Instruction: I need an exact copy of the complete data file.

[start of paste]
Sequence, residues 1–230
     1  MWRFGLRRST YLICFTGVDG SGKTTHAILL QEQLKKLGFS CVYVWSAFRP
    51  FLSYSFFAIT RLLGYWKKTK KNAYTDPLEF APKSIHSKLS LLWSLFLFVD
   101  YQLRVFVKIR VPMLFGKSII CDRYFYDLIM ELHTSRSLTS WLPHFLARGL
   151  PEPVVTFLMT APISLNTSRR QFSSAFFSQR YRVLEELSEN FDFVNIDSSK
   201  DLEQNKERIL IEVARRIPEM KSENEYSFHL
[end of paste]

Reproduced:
Sequence, residues 1–230
     1  MWRFGLRRST YLICFTGVDG SGKTTHAILL QEQLKKLGFS CVYVWSAFRP
    51  FLSYSFFAIT RLLGYWKKTK KNAYTDPLEF APKSIHSKLS LLWSLFLFVD
   101  YQLRVFVKIR VPMLFGKSII CDRYFYDLIM ELHTSRSLTS WLPHFLARGL
   151  PEPVVTFLMT APISLNTSRR QFSSAFFSQR YRVLEELSEN FDFVNIDSSK
   201  DLEQNKERIL IEVARRIPEM KSENEYSFHL